Kiran and his lameduck government

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By T S Sudhir
The divide in Andhra Pradesh never looked more stark. The state assembly on Monday witnessed the strange sight of the ministers storming the well of the House. What’s worse, these ministers from the Telangana region were protesting against their own boss – chief minister Kiran Kumar Reddy, who on Saturday had asked the assembly speaker N Manohar for permission to move a resolution seeking to reject the state Reorganisation Bill sent by the President to the House.
If you needed any more proof that the government in Andhra Pradesh is a lameduck government, you need not look beyond the state assembly. Cabinet ministers conveniently forgot that they have taken oath under the Constitution to serve the state of Andhra Pradesh, not a specific region. If Kiran Reddy is at fault, so are his colleagues from all three regions.
Deputy chief minister Damodar Rajanarasimha asked for the dismissal of the chief minister. Sitting at his home in Banjara Hills, he told me that he and other Telangana MLAs have no faith in Reddy’s leadership and that he must go. Rajanarasimha, who would be a contender for the top job, is predicting major political action in the next week. He and Reddy have not spoken to each other for the last six months, an indication of how deeply divided the state already is.
Rajanarasimha’s demand was echoed by other MLAs from the Telangana region. Former Congressman, who is now an MLA on the Telangana Rashtra Samiti ticket, J Krishna Rao said, “He has to say sorry to the House, he has to take back the resolution and then he has to step down.”
kiran cricket
Panchayati Raj minister Jana Reddy wrote identical letters to the Governor, Assembly speaker and Chairman of the Legislative Council, pointing out that the state cabinet has never discussed moving such a resolution and therefore the demand ought to be rejected forthwith.
Former speaker of the Andhra Pradesh assembly K R Suresh Reddy also wrote to his successor, arguing that timing of the resolution is “suspicious” and that Manohar should reject the notice given by the CM. “The Leader of the House along with the Speaker is responsible to ensure smooth conduct of business. But here the CM, by this action, has thrown the House into pandemonium at a time, when such important debate is being conducted on an important issue,” said Suresh Reddy.
Under the rules, any member can move a resolution under Rule 77. “I myself have done so. I therefore cannot question the CM’s right to do so. But whether he can do so as the Leader of the House which means the leader of the government, is questionable,” said Jayaprakash Narayan, Loksatta party president and MLA.
But it is not as if Kiran Reddy is short of support. The Seemandhra lobby of 175 MLAs is backing his move, cutting across party lines. YSR Congress and Telugu Desam have already backed a move to move a resolution in favour of united Andhra Pradesh. The strategy to force voting is to show to the world that numerically speaking, those demanding division of Andhra Pradesh are not in a majority and therefore New Delhi’s unilateral decision to bifurcate the state cannot be entertained.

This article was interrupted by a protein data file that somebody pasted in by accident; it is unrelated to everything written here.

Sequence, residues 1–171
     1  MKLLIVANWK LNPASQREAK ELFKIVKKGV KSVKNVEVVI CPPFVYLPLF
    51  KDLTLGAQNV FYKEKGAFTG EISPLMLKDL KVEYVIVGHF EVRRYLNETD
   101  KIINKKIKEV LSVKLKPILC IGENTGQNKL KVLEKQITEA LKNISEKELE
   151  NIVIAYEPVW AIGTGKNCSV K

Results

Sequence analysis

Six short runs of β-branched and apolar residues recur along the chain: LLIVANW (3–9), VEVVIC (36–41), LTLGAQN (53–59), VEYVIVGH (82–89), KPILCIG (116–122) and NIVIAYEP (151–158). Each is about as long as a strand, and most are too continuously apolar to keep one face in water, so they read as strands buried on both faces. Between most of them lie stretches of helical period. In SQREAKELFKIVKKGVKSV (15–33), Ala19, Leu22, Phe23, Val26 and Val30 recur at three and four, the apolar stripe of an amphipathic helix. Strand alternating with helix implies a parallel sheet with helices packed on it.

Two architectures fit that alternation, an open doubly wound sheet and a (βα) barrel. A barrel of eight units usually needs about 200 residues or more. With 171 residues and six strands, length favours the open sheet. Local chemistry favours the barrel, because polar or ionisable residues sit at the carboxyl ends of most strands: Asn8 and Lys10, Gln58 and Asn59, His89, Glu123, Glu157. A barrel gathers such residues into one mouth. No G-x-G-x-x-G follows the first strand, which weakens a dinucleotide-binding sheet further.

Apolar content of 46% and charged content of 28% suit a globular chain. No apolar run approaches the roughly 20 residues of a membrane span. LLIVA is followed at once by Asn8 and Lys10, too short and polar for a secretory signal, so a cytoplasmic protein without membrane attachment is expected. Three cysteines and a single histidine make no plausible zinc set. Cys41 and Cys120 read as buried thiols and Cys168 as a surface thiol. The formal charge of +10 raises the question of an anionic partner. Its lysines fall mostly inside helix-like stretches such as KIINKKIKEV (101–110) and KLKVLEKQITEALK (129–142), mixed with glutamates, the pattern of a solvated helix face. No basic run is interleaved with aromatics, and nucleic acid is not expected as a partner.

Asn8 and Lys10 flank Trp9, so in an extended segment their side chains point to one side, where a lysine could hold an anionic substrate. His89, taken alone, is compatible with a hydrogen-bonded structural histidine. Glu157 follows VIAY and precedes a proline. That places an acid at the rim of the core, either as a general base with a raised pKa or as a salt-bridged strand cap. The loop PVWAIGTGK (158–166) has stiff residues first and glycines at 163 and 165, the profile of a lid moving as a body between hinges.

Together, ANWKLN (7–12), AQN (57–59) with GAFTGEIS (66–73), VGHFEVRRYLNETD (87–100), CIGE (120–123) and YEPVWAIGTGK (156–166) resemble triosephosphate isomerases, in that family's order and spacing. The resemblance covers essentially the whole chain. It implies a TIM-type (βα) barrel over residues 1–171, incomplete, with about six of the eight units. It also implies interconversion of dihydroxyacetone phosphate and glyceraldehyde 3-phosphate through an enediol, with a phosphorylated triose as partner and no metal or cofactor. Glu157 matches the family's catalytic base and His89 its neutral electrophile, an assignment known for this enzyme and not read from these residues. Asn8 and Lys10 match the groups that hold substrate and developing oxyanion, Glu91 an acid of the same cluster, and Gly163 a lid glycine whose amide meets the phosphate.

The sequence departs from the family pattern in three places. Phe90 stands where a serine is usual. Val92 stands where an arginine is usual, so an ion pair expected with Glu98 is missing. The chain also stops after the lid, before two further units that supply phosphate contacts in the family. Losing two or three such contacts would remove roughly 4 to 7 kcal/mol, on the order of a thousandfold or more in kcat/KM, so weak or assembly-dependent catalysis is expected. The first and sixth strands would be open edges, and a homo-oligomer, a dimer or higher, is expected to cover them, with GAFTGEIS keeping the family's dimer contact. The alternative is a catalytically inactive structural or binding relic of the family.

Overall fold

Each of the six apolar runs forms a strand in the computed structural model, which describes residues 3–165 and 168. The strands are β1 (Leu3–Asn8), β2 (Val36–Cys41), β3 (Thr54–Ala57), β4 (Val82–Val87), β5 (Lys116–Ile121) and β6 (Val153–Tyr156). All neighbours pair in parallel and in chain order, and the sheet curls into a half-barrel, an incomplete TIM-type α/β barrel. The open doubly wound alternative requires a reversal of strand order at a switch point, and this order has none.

The state assembly has time till January 30 to discuss the Bill and return it to the President. Given the acrimony and the divide, it is highly unlikely that the House will see any meaningful debate this week. 

She would have been Mother India

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By Uma Sudhir
Some news reports make you feel ashamed and guilty, wrench at your heart. And leave you wondering how any of this is going to change. From where do we begin.
A 12-year-old child committed suicide in Warangal district of Andhra Pradesh because she was disappointed and heartbroken that her parents did not buy her a pair of silver anklets that she so deeply desired.
Anusha had wanted to dress up as Mother India for Republic Day celebrations at her school. She asked her father for a new dress, a lehenga and half saree, and a pair of silver anklets to go with it. The father, Gogurat Lachchu, a cotton farmer who worked as labourer along with her mother round the year to feed his family, told her he couldn’t afford to buy her the dress and anklets as of now. The mother, not wanting to disappoint the child, bought her daughter bangles and a pair of slippers. After the parents left for work, the child bolted the door of their house from the inside and hanged to death.

A child who had ironically wanted to be Mother India but ended up killing herself. Is this what we are promising young India? That in this society, if you belong to the most vulnerable and deprived sections, you don’t have a right to dream. You must give up on your right to demand and enjoy even small joys. Opportunity is not yours for the taking.

Anusha’s teachers say she was easily one of the most brilliant students in the school. Always first in class, she was also very good at sport. She had only recently won three medals in kabbadi and carrom just the other day. They say she was a well-behaved, well-adjusted child who was the pride of the school. How come such a child did something as shocking as this, was the question everyone was asking.
In the urban, more well-off world, parents are often told, don’t buy everything your child asks for. Don’t give in to every whim and demand. He or she is unable to take rejection, a `no’, or a failure and fails to develop the coping skills.
I would have thought Anusha, even at her young age, would have seen enough deprivation not to give up because she could not have a pair of silver anklets. Must be so heartbreaking for her parents to think, that they couldn’t fulfil a small desire of their child, and lost the child forever. I can’t help feeling the sadness and pain as a parent myself. There is a even a streak of anger for what the young girl chose to do. May be she was forced to realise and accept realities that the child in her did not want to confront and live with.